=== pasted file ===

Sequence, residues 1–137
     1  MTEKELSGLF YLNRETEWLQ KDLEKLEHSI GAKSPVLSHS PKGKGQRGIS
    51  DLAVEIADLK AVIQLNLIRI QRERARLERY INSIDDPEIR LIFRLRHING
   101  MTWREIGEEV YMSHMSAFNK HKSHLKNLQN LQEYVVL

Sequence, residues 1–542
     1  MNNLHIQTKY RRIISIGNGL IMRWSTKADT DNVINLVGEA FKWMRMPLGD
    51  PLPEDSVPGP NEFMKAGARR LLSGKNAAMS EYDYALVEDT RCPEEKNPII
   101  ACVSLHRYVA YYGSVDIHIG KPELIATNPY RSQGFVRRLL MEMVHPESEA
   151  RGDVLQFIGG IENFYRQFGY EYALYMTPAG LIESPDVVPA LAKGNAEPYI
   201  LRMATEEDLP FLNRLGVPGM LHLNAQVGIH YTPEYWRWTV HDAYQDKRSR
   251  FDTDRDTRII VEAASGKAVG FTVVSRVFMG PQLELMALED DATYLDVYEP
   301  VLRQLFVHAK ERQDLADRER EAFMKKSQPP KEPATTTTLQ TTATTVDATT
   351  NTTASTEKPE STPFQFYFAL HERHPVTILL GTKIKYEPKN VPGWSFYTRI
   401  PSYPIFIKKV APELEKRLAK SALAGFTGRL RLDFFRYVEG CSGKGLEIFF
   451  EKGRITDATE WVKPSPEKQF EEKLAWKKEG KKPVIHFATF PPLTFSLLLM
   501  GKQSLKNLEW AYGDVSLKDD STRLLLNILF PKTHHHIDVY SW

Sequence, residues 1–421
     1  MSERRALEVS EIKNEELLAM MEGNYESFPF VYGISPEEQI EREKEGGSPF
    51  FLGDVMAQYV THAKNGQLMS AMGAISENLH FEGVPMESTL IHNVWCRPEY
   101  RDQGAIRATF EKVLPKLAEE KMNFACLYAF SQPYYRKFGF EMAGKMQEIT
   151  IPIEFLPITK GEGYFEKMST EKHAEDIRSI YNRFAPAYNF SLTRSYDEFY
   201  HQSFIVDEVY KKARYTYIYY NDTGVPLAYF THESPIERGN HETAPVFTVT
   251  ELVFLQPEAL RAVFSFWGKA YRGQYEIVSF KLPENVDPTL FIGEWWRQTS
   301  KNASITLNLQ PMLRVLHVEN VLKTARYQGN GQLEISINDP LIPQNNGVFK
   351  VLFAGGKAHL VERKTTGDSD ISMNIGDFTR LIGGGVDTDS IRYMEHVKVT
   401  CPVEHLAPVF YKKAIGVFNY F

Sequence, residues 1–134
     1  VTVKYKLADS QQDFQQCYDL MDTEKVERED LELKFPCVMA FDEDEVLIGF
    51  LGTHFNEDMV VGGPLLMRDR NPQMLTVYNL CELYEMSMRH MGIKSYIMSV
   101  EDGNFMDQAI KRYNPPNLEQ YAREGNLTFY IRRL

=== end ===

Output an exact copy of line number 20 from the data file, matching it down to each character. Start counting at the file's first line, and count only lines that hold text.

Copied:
   101  RDQGAIRATF EKVLPKLAEE KMNFACLYAF SQPYYRKFGF EMAGKMQEIT